Inspired by Lucretius’ De rerum natura and doubtless also by the pervasive climate of Cartesianism, Lesage set about the formidable task of explaining the Newtonian law of attraction in terms of the mechanical philosophy. His basic system rested upon his conception of “otherworldly particles” (particules ultramondaines), so-called because of their exemption from the law of gravity. These gravitational particles were presumed to be extremely small Lucretian atoms that moved in every direction and at very high velocity. Any isolated mass of ordinary matter (its atoms were presumed to be much larger than those composing the gravitational fluid) would not be moved by the impacts of the gravitational particles since they would impinge on it from all directions at once. (Lesage did allow for slight oscillation caused by temporary imbalance of forces, rather like the Brownian motion of particles in a gas or liquid.) Two masses of ordinary matter, however, would block some of the particles coming from either direction along the lines connecting the parts of one with those of the other. Each mass, in effect, would cast a kind of “gravitational shadow” on the other; and the resulting disequilibrium of force would impel the two bodies together, thus giving the illusion of an attraction between the masses. The greater the distance between the two bodies, the less intense would be the effect of the mutual gravitational shadow. Indeed, Lesage maintained that it would vary inversely as the square of the distance, in accordance with the Newtonian law. Similarly, the larger the mass of the body, the more gravitational particles would be intercepted and the greater would be the disequilibrium of force. To make the impulsive force vary with the mass rather than with the surface area of the body was always the most difficult problem faced by those who attempted to adduce mechanical explanations of the Newtonian law. By making his bodies extremely porous and quite large relative to their constituent atoms, Lesage was able at least to achieve an approximation of the proper relation between mass and gravitational force.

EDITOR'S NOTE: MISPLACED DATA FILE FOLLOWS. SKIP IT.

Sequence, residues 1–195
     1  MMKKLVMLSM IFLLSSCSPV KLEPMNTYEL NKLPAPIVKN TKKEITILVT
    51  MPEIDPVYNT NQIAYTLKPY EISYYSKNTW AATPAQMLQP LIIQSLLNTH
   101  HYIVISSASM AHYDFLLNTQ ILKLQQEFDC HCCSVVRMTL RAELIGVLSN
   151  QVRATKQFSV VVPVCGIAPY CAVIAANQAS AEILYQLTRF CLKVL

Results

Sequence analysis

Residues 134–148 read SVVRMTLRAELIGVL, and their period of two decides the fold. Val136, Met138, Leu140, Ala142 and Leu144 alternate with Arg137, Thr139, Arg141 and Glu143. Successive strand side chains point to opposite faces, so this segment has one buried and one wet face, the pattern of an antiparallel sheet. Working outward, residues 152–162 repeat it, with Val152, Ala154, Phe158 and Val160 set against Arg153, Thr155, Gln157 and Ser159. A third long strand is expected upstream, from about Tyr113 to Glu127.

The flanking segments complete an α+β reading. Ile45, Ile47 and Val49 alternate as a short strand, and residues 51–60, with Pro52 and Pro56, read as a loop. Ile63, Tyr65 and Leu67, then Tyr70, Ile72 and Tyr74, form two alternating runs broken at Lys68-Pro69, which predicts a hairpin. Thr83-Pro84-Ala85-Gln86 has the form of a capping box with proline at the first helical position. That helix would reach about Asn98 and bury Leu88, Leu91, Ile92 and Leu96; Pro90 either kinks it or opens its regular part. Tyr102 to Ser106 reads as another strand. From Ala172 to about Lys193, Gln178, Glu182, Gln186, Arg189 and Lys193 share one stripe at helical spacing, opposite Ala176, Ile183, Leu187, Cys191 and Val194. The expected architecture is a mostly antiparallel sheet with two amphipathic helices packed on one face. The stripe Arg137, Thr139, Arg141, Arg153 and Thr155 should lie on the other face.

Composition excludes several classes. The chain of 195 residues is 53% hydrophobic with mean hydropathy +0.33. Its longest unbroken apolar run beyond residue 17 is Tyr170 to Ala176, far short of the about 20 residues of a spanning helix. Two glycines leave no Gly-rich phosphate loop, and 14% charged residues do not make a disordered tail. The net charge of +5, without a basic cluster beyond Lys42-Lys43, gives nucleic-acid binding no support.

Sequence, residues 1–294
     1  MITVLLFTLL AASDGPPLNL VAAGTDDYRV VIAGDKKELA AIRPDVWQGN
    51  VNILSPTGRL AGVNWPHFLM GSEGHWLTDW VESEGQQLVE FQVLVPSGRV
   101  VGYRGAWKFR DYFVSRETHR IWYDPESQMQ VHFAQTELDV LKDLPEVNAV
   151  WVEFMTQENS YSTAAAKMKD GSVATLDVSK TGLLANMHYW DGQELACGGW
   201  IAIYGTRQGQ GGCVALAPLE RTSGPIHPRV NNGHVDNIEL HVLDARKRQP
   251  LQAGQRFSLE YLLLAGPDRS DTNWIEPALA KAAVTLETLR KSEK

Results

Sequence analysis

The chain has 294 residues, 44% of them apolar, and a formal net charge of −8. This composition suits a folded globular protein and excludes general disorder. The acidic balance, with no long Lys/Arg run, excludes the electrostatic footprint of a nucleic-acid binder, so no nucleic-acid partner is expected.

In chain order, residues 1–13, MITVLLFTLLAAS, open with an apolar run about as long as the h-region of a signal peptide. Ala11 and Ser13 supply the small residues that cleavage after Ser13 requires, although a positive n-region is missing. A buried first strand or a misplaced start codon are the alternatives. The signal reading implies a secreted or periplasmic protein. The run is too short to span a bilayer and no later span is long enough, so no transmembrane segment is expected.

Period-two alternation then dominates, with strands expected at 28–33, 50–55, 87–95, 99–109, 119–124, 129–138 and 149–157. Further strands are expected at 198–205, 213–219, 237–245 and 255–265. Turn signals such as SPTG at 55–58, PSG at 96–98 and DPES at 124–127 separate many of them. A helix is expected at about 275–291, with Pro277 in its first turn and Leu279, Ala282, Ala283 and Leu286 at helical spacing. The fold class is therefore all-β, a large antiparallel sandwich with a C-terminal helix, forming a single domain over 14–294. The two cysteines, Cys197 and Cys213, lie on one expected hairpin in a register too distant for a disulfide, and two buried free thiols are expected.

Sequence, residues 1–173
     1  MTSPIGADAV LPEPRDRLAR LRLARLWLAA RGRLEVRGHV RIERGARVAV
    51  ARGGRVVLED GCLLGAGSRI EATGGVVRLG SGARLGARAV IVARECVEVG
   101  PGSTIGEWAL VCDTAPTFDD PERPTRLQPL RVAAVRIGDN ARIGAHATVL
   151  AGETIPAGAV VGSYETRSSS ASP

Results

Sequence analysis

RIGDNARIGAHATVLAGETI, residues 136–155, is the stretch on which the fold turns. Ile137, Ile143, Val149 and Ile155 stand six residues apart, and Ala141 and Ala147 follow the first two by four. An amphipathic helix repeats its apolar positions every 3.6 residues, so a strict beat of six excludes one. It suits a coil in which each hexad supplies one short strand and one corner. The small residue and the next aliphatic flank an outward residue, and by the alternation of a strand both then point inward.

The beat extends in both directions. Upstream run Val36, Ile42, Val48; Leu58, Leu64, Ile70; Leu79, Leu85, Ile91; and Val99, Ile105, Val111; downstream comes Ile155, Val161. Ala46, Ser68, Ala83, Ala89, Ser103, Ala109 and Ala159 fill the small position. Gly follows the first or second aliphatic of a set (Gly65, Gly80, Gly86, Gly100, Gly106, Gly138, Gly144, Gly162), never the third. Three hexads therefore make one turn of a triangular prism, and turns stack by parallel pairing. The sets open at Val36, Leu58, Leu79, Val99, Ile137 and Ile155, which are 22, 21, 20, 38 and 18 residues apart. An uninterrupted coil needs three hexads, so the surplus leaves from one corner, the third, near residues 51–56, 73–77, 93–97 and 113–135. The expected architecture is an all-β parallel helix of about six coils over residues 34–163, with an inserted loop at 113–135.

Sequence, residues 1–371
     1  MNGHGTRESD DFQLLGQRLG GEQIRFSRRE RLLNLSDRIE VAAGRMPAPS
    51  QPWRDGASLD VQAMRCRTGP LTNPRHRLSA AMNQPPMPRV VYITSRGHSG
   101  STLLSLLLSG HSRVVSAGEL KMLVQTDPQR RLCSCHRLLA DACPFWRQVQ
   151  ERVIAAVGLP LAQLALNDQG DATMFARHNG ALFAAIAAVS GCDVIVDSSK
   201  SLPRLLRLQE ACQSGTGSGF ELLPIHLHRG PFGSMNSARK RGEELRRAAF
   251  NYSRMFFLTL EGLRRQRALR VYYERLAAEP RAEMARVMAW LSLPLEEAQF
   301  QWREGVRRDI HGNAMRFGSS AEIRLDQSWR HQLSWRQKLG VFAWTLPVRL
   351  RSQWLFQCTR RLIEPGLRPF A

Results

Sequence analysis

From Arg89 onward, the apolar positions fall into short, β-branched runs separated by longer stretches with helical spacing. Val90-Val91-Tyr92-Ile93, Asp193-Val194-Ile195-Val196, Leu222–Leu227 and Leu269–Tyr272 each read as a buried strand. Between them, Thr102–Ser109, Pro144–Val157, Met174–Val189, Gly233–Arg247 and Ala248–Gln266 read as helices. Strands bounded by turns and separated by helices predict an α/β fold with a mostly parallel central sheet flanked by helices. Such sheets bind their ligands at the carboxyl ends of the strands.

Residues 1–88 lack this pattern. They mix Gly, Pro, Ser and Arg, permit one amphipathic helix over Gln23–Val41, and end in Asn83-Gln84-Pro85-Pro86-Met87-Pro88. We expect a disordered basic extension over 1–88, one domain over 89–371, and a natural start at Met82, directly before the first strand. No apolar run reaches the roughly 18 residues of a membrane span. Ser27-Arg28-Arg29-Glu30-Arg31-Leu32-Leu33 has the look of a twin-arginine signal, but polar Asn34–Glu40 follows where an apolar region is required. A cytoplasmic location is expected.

Using this ingenious mechanism, Lesage attempted to explain not only gravitation but also chemical affinity and corporeal cohesion. His system was not widely accepted among his contemporaries. It was too burdened with ad hoc assumptions, and because certain parameters (the size of the various atoms and the mean free path of the particles composing the gravitational fluid) could not be established, his theory was not subject to rigorous mathematical analysis. In short, his theory was not unlike the clever but untestable mechanical hypotheses that had burdened physics in the previous century. As a result Lesage’s work was less criticized than neglected.
Despite this neglect and despite the fact that he published relatively little in his lifetime (although he did, in fact, write a great deal) Lesage acquired a fairly extensive reputation, largely through his correspondence with the great natural philosophers and mathematicians of his age. He was elected a correspondent of the Paris Academy of Sciences on 28 February 1761, and after the reorganization of the Academy became a first-class corresponding member on 12 September 1803.
The only major work published during Lesage’s lifetime was his Essai de chimie mécanique (Rouen, 1758), the main source for his explanation of Newtonian attraction.
On Lesage’s life and work, see Pierre Prévost, Notice de la vie et des écrits de George-Louis Le Sage de Genève (Geneva, 1805), which contains an extensive and detailed biography, pp. 1–184; a list of his shorter published articles and letters, pp.91–95; a list of his many unpublished large works and an account of their contents, pp. 95–101; “Lucrèce Neutonien,” one of Lesage’s many MS works on gravitation, with a conveniently succinct exposition of his system; and a portion of Lesage’s large correspondence with contemporary scientists, philosophers, and mathematicians, pp. 189–502.
J. B. Gough